I grew up in Bonn but have been living in the Südstadt (the south of Cologne) since 2006. Out of our 13 band members, ten of us live in Cologne – five of us even on the same street! Even though it’s not exactly a small city, there’s a very local feel where everything seems to happen right outside your window – or at least that’s the case where I live. Maybe because the Südstadt is the best neighbourhood of them all! There’s a great mix of people living here: as well as the old folks sitting gossiping outside cafés, you have students, young families, artists and the former squatters who helped to build this district so you can’t help but feel like you’re in the middle of it all.
While other bands sing about the more buttoned-down aspects of Cologne, we like to shake things up by saying that it’s the rough edges that really make Cologne what it is. Barbarossaplatz, which has featured in one of our songs, is a part of the city that I see as being extremely genuine. Unlike the ring road, the Cathedral and the Old Town, which aren’t the real Cologne if you ask me.
There’s nothing I love more than walking through the city streets. It’s also where I get the inspiration for our lyrics. Even though you might be able to get there a few minutes faster by car or tram, walking leads you to bump into people unexpectedly, or to discover new places or rediscover old ones. My favourite walk is the Brückenrunde – the bridge route – which takes in some or all of the city’s bridges: the Südbrücke, Hohenzollernbrücke, Severinsbrücke and even as far as the Rodenkirchener Brücke and back over to the other side of the Rhine.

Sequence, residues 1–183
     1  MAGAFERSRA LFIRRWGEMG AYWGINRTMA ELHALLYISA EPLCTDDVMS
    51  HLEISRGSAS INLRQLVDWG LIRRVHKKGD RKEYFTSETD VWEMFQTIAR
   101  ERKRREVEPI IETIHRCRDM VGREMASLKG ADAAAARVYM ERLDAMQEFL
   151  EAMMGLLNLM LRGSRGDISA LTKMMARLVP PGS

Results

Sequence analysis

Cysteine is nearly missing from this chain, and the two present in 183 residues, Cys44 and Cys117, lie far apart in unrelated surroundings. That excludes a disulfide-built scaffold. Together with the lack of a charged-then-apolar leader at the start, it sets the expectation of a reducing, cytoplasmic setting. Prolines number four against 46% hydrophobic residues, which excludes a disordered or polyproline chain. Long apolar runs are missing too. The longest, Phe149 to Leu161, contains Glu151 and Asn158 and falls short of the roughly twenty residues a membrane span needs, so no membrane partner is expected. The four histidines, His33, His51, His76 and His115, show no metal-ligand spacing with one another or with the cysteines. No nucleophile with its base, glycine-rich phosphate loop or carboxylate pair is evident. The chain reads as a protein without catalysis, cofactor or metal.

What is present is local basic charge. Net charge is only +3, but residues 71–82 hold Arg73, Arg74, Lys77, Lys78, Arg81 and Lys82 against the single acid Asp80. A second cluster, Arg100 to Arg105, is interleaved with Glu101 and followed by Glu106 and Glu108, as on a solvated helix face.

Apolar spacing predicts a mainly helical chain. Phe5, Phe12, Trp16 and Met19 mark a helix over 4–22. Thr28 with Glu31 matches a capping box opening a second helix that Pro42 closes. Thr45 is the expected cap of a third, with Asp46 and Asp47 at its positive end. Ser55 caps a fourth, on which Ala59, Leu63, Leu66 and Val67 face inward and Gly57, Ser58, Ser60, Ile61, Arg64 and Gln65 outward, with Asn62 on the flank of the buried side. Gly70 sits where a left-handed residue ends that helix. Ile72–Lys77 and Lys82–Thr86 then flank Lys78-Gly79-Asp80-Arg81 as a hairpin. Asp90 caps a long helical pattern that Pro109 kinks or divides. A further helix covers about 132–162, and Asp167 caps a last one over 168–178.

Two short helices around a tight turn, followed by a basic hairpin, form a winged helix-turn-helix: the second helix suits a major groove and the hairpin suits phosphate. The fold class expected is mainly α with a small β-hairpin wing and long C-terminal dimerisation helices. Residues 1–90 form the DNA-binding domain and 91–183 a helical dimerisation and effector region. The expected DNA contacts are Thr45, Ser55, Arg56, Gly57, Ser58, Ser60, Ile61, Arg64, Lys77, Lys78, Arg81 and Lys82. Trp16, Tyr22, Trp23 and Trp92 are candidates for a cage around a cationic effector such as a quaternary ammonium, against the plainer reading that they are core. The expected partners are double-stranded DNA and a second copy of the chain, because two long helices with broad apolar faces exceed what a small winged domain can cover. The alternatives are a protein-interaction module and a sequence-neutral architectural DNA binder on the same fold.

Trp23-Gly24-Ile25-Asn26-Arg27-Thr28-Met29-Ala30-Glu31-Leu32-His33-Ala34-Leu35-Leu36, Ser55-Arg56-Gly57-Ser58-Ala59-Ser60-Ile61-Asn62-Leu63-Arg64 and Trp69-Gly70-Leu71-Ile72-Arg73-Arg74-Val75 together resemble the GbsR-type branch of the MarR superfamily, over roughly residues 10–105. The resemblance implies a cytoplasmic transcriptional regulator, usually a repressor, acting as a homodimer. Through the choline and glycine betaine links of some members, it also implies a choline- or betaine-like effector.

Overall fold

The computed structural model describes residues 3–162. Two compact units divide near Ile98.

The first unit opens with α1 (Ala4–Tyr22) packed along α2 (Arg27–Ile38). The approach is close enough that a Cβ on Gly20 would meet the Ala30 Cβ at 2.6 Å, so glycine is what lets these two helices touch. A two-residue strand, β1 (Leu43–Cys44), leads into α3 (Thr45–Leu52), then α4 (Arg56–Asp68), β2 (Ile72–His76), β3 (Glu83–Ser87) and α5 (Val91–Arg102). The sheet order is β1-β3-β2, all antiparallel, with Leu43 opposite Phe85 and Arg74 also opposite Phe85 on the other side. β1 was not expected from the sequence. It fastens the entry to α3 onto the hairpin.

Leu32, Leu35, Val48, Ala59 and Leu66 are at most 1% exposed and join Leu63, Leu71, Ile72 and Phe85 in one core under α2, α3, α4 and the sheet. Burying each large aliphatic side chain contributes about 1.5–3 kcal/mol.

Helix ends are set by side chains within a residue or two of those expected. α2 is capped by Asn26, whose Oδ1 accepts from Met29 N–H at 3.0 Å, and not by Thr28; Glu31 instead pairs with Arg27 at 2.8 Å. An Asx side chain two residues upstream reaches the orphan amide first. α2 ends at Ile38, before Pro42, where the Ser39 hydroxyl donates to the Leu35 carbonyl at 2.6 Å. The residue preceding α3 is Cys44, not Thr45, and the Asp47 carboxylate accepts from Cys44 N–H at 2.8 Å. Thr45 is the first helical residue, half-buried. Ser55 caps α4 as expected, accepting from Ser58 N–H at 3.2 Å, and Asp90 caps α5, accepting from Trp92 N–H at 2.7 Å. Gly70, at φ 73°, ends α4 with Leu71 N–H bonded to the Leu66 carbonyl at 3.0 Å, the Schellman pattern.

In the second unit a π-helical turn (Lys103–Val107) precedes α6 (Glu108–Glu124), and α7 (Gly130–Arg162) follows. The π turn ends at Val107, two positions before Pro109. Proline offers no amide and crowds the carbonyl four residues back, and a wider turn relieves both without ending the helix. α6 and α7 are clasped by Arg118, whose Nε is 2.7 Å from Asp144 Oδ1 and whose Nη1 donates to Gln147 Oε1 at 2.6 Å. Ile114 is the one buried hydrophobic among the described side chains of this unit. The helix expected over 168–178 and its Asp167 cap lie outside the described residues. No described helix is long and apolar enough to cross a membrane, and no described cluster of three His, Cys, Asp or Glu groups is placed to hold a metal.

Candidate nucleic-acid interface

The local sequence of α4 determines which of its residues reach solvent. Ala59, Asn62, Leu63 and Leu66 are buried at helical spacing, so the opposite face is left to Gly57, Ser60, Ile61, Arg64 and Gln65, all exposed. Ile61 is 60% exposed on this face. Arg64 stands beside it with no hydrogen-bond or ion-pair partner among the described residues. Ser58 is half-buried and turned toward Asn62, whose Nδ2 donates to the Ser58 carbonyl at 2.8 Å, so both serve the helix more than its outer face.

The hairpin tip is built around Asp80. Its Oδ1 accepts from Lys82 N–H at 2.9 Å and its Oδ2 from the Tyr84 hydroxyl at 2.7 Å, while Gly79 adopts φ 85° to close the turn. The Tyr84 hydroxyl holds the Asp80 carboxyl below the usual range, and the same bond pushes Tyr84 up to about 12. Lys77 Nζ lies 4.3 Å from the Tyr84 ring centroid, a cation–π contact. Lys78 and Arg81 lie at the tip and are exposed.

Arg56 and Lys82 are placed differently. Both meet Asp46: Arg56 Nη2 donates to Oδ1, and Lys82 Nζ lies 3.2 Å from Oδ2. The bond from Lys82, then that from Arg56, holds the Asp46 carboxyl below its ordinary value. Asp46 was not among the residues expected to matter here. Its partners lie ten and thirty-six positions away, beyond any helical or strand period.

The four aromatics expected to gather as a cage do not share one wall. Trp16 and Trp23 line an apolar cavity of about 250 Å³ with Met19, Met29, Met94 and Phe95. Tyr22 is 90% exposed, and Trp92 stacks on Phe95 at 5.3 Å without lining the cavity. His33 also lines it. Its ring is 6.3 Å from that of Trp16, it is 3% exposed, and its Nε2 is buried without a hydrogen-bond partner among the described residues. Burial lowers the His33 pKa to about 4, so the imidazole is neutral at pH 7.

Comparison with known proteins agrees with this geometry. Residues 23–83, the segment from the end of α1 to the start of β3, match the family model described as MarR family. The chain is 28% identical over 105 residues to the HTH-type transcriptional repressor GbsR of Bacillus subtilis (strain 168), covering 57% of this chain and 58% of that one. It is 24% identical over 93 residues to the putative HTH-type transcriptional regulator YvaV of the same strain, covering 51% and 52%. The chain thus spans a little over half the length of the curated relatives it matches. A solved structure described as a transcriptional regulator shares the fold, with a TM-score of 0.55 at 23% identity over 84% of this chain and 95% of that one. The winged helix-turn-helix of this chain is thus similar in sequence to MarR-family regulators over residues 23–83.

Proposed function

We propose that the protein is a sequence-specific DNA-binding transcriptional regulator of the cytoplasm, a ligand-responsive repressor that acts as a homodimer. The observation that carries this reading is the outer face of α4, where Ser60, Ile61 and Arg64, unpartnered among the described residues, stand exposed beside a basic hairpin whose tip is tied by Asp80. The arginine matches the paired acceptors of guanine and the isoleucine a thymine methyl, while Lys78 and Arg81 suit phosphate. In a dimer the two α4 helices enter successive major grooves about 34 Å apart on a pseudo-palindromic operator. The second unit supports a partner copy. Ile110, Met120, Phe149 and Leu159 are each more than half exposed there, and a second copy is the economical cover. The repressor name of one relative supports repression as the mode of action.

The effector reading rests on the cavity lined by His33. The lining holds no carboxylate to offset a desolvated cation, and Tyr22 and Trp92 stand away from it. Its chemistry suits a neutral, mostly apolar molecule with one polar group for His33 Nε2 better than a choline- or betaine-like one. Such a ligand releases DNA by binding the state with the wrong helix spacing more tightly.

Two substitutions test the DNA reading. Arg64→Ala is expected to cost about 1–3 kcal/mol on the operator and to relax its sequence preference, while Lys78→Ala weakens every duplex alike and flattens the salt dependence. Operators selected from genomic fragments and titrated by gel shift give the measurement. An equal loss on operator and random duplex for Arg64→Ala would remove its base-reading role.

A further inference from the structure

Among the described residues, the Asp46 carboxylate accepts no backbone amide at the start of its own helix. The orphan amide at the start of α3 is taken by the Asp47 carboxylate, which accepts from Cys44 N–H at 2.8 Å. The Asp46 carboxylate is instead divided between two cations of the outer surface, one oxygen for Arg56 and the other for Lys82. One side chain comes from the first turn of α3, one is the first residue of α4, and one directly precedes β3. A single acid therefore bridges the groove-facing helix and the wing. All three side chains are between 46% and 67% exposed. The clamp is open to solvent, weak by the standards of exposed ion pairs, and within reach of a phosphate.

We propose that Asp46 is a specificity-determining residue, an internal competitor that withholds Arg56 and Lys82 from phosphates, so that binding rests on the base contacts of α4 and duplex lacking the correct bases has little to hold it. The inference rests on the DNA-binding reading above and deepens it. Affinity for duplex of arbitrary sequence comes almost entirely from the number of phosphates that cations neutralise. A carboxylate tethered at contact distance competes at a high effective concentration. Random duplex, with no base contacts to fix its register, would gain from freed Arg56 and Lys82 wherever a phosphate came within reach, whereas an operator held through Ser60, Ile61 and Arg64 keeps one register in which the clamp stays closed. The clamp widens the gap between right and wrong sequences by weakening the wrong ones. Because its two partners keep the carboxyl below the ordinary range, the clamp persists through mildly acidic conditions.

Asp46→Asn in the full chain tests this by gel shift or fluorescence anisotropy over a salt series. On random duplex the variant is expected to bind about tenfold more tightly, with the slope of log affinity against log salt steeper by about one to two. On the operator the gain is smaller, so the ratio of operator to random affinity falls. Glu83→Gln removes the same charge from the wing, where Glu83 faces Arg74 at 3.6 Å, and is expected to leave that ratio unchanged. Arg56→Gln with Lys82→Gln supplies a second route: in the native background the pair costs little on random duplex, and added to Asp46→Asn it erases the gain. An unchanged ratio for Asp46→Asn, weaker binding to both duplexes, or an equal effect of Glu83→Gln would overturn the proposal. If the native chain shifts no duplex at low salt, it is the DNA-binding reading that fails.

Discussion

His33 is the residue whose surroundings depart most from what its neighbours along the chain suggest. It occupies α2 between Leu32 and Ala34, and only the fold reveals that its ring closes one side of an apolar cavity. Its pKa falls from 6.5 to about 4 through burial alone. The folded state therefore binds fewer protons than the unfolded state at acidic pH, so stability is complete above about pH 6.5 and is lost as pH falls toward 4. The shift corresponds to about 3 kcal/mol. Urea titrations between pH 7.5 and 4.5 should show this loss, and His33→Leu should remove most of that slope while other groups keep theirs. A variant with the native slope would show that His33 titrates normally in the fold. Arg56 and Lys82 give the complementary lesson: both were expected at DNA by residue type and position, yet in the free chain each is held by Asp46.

For me, the perfect night out involves picking up a bottle of Kölsch beer from a kiosk and heading off for a stroll. Then we’d grab a pizza at Caminetto on Eifelplatz and sit on the little wall in the Volksgarten park to eat it. There’s also a fantastic new beer garden at Lotta – a no-nonsense, politically sound bar on Kartäuserwall and one of the driving forces behind the “No Kölsch for Nazis” movement. Schnörres and Das Scheue Reh are also great bars, but they have more of a hipster vibe going on. Sometimes we sit on the kerb near Schnörres and chat: on long, balmy summer evenings when the streets are full, there’s a real Mediterranean feel to it. There are cool indie parties next door at Tsunami, where my favourite DJ works his magic on the decks. I don’t know him personally but his name is every bit as sensational as his music: Drunk Walter Steinmeier. Good alternatives are Club Bahnhof Ehrenfeld and YUCA. The owners aren’t afraid to mix things up sometimes, which doesn’t happen all that often on the club scene. They have such impeccable taste that you know you can go to any concert there, even if you haven’t heard of the band that’s playing. Sadly, a handful of superb locations have had to close for good, which has left quite a hole in Cologne.
In my opinion, the most authentic espresso bar in the city is Formula Uno on Zugweg. I love those moments when you’re sitting outside a café, watching the hustle and bustle of the world go by. Odeon on Severinstrasse is a great cinema that also shows arthouse and independent films. I’m also a huge fan of the Kunst gegen Bares (Art for Cash) series at the Artheater club in Ehrenfeld, where talented young artists battle it out, the audience can bet any sum they like on their favourite and the winner goes home with a pot of money. A brilliantly creative idea to support artists.
Jojo Berger is the singer in Cologne band Querbeat, whose new album Radikal Positiv was released this summer.